Photo of Blaine A. Veldhuis

Blaine A. Veldhuis is an associate in the Detroit, Michigan, office of Jackson Lewis P.C. His practice focuses on the defense of complex ERISA litigation and single plaintiff ERISA cases.  He also represents employers in a wide range of employment and labor matters.

Blaine defends ERISA plan fiduciaries, multi-employer plan trustees, and plan administrators providing services to ERISA plans. He defends ERISA 401(k) plan class actions, COBRA class actions, and benefit claims in the retirement and healthcare arena. Blaine has counseled multi-employer welfare and retirement plans, particularly in the construction industry, and has handled withdrawal liability, delinquent contribution, and plan merger matters. With respect to multi-employer plans, his expertise includes compliance-side issues and litigation.

He has significant experience representing defendants and respondents in administrative and governmental investigations, including Internal Revenue Service and U.S. Department of Labor audits, and investigations conducted by the U.S. Department of Justice, Equal Employment Opportunity Commission, Michigan Department of Civil Rights, and the Michigan Department of Licensing and Regulatory Affairs.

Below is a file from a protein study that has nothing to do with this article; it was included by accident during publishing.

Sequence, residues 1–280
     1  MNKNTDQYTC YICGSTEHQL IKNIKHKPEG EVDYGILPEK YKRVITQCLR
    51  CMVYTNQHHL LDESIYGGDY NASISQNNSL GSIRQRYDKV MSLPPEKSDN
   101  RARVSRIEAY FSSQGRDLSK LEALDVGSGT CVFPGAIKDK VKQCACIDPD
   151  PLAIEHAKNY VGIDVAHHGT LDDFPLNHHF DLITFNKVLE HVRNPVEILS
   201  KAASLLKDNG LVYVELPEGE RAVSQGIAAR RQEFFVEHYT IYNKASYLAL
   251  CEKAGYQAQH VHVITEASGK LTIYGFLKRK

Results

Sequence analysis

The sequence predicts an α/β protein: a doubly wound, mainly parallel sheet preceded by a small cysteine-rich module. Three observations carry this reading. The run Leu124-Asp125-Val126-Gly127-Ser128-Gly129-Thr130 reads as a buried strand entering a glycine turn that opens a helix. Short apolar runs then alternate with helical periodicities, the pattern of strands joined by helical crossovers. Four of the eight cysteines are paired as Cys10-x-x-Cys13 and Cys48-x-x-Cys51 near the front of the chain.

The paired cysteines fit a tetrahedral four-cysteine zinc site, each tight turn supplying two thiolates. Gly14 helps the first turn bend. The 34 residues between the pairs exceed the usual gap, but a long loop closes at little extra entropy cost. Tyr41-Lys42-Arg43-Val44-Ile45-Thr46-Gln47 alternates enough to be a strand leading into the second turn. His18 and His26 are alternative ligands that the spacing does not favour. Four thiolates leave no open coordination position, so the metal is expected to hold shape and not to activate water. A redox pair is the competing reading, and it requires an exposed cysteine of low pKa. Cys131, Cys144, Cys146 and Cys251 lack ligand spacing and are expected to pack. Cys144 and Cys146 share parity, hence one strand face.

Blaine also assists and advises employers on issues related to union activity, and other matters implicating the National Labor Relations Act.

Blaine's experience includes handling wage and hour claims, discrimination claims, sexual harassment claims, whistleblower claims, commercial litigation, and general employment litigation. Blaine regularly counsels employers in employee relations and discipline and discharge matters, and also assists employers in drafting employment policies and in complying with the federal and state employment laws.

While attending law school, he was a title editor for the University of Detroit Mercy Law Review and participated in the University of Detroit Mercy Veterans Law Clinic. Prior to joining Jackson Lewis, his practice focused on labor and employment matters as an associate at a firm in the Detroit metropolitan area.

We previously wrote about the Department of Labor’s proposed expansion of its safe harbor for electronic delivery of certain retirement plan disclosures required under ERISA.  The wait is finally over, with publication of the final rule (the “New Rule”) helped along by the DOL’s desire to alleviate some of the “disclosure-related problems being reported by